fairy

fairy   Quick reference

A Dictionary of Celtic Mythology

Reference type:
Subject Reference
Current Version:
2004

... devil , a perception not widely shared; such fairies, however, may be on close terms with death. Among those fairies classed as solitary are the banshee , baobhan sith , brownie , bwci , cadineag , caoineag , caointeag , cluricaune , dooiney marrey , dooiney oie , dullahan , ellyll , fairy lover [Ir. leannán sídhe/sí ] , fenodyree , fr'de/fridean , glaistig , gruagach , leprechaun, piskie , pooka , pwca , síabraid , s'thich . In defining the two divisions W. B. Yeats ( 1888 ) introduced the term ‘trooping fairies’ for those perceived...

Dullaghan

Dullaghan   Reference library

The Oxford Dictionary of Family Names in Britain and Ireland

Reference type:
Subject Reference
Current Version:
2016
Subject:
Names studies
Length:
64 words

...Variants: Dollaghan , Dullahan • Current frequencies: GB 168, Ireland 16 • GB frequency 1881: 1 • Main Irish location 1847–64: Louth Irish : from Ó Dubhlacháin , ‘descendant of Dubhlachán’, a personal name apparently meaning ‘black duckling’. Early bearers Philip O'Dwlchen , 1600 in Fiants Elizabeth §6459 (Ely); James O'Devlaghan , 1663 in Hearth Money Rolls, Ireland (Tullintrain, Cumber, Derry). Dullaghan, 1881 frequency. © Archer...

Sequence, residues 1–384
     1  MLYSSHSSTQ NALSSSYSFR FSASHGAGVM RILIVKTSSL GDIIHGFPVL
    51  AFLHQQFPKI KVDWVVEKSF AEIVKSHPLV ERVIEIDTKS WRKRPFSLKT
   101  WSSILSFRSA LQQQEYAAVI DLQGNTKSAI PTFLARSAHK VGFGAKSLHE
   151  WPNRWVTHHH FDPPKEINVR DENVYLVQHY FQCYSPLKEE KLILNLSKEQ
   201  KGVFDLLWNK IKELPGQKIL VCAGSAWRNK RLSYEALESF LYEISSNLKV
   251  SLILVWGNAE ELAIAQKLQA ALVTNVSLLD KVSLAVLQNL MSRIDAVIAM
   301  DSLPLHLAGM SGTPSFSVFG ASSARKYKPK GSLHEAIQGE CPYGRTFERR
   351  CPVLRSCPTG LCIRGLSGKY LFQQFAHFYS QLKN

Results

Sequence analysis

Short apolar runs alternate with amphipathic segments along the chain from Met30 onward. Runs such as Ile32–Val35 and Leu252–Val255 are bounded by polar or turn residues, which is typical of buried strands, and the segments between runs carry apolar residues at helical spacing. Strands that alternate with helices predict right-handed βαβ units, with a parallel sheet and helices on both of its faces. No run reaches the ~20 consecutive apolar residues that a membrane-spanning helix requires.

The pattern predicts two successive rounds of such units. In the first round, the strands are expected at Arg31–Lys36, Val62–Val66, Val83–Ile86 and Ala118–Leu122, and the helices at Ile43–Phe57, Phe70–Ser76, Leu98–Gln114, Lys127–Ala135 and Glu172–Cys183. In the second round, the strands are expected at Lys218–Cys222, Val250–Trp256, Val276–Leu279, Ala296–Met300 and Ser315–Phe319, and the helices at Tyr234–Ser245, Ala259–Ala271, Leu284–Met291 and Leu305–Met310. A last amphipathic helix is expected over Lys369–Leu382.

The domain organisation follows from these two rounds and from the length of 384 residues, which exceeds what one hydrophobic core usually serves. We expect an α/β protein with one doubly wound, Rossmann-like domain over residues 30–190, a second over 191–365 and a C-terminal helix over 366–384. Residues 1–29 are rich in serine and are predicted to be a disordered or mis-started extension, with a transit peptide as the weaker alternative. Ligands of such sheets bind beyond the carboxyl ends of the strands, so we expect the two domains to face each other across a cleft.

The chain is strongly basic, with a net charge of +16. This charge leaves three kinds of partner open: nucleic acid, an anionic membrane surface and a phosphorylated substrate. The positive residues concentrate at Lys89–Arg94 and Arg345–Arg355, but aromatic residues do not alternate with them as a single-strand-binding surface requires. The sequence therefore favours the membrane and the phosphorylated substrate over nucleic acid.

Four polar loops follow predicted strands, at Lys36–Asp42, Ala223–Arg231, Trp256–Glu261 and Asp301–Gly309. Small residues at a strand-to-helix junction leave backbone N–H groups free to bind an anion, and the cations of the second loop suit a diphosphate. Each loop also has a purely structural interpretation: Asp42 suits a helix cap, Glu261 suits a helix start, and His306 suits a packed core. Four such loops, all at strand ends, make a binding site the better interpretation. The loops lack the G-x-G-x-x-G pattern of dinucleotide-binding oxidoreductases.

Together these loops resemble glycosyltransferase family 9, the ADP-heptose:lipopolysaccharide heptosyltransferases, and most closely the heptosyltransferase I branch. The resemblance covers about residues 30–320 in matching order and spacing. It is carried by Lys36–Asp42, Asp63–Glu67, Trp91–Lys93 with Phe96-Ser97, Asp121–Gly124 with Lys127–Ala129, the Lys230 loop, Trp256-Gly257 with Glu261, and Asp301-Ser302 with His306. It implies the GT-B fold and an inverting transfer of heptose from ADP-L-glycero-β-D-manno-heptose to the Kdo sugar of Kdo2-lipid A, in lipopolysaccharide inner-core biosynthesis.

Primitives

Primitives   Reference library

The Encyclopedia of Popular Music (4 ed.)

Reference type:
Subject Reference
Current Version:
2009
Subject:
Music
Length:
351 words

...singles failed to emulate the success of ‘Crash’ and the follow-up album, Pure , was only a partial success. The Primitives ended the 80s touring the USA and returned to the UK to undergo extensive touring around Britain, hoping to regenerate those brief glory days. Both Dullahan and Tweedie would join Hate, while Hobson’s tenure in the bass position was a fleeting one, being replaced in 1989 by Paul Sampson. When Galore failed to sell, the Primitives disbanded. There is still an audience for the Primitives’ catalogue, which is regularly represented by...